• Wednesday, September 19, 2018
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Hawaii News

Eruption offers Ige potential political redemption

  • JAMM AQUINO / JAQUINO@STARADVERTISER.COM

    Gov. David Ige, right, embraced Hawaii County Mayor Harry Kim during a community meeting May 7 at Pahoa Intermediate School.

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HILO >> The Puna eruption has been agonizing for Hawaii island residents whose property has been consumed by lava and the hundreds of evacuees who cannot go home, but the slow-motion disaster is offering beleaguered Gov. David Ige a rare second chance.

An efficient and effective state response to the drawn-out crisis at Kilauea volcano would help those affected by the eruption and at the same time allow Ige to silence complaints by his political rivals that he has been a weak and indecisive leader.

It also could help Ige put the Jan. 13 botched ballistic missile alert behind him before the Democratic primary Aug. 11.

But natural disasters can sometimes be politically poisonous. The Kilauea eruption may go on for weeks or months, and if the responses to the lava flows or the Kauai flooding last month are perceived by the public to be sluggish or unhelpful, it is almost certain the chief executive will be blamed.

A case in point was Kauai after Hurricane Iniki struck in 1992. Many observers believe then-Mayor JoAnn Yukimura was rejected in the Democratic primary of 1994 because of voter discontent with her leadership in the aftermath of that devastating hurricane — an assessment Yukimura shared at the time.

The stunning images of the Kilauea eruption are likely to dominate the news and social media feeds in Hawaii for some time to come, but it won’t be clear for a while what influence the disaster may have on Ige’s political fortunes. Ige is being challenged in the Democratic primary by U.S. Rep. Colleen Hanabusa and former state Sen. Clayton Hee.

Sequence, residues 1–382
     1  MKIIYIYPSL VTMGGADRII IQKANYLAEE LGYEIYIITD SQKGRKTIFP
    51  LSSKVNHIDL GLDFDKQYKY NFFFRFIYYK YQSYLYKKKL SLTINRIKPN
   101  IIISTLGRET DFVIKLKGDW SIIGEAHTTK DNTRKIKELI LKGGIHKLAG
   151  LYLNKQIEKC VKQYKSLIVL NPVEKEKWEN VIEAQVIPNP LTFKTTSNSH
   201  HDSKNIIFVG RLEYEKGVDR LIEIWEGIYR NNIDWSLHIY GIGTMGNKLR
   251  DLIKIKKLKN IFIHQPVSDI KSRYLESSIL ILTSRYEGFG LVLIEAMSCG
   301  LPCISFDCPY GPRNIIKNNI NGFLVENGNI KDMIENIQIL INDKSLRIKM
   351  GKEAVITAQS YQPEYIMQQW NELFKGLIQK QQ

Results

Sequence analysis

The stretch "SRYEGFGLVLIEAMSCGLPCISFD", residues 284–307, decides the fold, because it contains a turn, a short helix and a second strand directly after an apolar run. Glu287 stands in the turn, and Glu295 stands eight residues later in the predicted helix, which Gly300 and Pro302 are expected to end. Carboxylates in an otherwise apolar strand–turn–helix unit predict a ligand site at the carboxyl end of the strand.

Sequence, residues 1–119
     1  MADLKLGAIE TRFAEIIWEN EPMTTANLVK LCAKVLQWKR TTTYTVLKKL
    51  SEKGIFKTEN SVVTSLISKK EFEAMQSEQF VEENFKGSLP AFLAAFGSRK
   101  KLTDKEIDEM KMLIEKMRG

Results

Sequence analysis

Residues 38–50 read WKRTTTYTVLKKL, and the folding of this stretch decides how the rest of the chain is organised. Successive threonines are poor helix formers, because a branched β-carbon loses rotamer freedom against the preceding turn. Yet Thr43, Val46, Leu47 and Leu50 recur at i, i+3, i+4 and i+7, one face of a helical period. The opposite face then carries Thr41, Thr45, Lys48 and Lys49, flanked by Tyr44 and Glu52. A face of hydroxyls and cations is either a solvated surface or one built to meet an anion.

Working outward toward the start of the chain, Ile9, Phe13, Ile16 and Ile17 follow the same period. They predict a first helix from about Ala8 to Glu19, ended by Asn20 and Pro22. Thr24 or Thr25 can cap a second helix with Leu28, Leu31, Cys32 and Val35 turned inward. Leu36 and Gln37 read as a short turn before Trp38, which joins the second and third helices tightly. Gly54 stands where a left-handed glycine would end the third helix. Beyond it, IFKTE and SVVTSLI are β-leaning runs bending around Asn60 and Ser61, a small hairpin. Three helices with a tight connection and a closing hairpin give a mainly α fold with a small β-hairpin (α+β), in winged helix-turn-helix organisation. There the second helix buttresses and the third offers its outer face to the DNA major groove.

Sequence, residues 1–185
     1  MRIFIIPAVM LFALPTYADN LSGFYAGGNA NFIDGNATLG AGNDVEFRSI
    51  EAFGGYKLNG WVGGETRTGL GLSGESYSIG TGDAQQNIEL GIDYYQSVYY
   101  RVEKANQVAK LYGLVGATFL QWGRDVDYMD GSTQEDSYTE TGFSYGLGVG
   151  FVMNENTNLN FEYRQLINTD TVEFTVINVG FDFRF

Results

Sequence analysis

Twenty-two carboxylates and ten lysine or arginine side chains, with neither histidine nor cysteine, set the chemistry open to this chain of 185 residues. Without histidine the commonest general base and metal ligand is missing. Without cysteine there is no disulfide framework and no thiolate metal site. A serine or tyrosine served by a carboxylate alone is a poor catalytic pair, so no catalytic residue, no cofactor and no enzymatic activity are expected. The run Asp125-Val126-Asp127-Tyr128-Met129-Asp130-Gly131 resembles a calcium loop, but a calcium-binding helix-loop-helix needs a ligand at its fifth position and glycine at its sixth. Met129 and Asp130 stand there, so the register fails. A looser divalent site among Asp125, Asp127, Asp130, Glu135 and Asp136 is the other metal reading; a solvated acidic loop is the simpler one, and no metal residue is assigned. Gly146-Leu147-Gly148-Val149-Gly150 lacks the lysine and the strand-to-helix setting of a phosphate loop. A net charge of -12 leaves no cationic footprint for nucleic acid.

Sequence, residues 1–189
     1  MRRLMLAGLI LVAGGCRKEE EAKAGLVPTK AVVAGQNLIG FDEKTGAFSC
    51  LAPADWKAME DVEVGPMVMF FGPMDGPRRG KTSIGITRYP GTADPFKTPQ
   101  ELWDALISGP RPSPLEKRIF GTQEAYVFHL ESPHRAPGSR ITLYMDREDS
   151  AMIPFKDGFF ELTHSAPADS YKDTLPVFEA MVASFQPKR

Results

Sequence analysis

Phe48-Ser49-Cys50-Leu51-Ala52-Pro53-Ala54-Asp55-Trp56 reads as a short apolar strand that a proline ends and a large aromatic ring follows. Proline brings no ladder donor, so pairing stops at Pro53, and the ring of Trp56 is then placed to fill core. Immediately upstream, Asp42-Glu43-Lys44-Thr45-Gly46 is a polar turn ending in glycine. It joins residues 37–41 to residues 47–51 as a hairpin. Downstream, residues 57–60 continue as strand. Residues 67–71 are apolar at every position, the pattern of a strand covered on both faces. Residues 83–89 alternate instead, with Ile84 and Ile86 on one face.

A Honolulu Star-Advertiser Hawaii Poll taken in March, before the flooding and eruption, showed Hanabusa with a 20-percentage-point lead over the incumbent.

For Nanawale Estates resident Frankie Stapleton, Ige’s actions during the eruption made all the difference. She said that at the start of the year, she had no intention of voting for Ige but since then has become a supporter.

Stapleton, 73, lives two miles from the Puna Geothermal Venture power plant that shut down when the eruption broke out May 3. She said she was worried there could be a pentane explosion or uncontrolled blowout of a geothermal well at the plant.

“I have totally changed my opinion about voting for him,” she said. “I am so grateful for him stepping up to the plate with (Mayor) Harry Kim and ordering PGV to shut down those wells and to get that pentane out of there — so grateful that I will do everything I can to help him get re-elected.”

While Kim is frequently at Civil Defense headquarters leading the response to the lava flow, he been less visible to the public during this eruption than in previous disasters. The mayor, 78, suffered his fifth heart attack shortly before the eruption began and announced last week that he had been diagnosed with walking pneumonia.